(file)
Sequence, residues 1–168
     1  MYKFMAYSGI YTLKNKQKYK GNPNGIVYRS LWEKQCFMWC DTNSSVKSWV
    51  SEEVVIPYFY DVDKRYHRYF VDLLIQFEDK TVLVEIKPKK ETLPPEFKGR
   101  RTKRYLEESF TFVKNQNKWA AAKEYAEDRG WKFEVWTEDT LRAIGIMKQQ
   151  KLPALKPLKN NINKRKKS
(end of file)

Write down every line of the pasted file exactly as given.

Sequence, residues 1–168
     1  MYKFMAYSGI YTLKNKQKYK GNPNGIVYRS LWEKQCFMWC DTNSSVKSWV
    51  SEEVVIPYFY DVDKRYHRYF VDLLIQFEDK TVLVEIKPKK ETLPPEFKGR
   101  RTKRYLEESF TFVKNQNKWA AAKEYAEDRG WKFEVWTEDT LRAIGIMKQQ
   151  KLPALKPLKN NINKRKKS